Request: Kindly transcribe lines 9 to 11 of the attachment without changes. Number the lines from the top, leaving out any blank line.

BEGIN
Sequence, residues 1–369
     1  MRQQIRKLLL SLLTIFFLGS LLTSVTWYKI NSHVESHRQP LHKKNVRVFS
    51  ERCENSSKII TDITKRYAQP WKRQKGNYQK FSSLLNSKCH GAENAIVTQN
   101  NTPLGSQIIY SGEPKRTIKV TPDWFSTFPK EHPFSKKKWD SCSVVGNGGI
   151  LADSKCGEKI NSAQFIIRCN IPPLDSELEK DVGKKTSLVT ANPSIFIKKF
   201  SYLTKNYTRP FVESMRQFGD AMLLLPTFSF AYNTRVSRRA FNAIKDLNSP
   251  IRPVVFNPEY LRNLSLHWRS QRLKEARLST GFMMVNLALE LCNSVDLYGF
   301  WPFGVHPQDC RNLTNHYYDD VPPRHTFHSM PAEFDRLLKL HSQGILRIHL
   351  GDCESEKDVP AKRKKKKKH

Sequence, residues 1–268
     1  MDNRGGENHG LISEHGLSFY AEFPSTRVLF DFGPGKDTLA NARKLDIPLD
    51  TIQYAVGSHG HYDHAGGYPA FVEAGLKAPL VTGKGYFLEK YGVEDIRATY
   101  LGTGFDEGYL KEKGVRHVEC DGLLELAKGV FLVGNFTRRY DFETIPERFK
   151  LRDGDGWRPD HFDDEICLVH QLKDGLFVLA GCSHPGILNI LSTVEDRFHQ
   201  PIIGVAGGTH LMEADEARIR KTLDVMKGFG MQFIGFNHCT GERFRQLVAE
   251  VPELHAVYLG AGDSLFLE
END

   351  GDCESEKDVP AKRKKKKKH

Sequence, residues 1–268
     1  MDNRGGENHG LISEHGLSFY AEFPSTRVLF DFGPGKDTLA NARKLDIPLD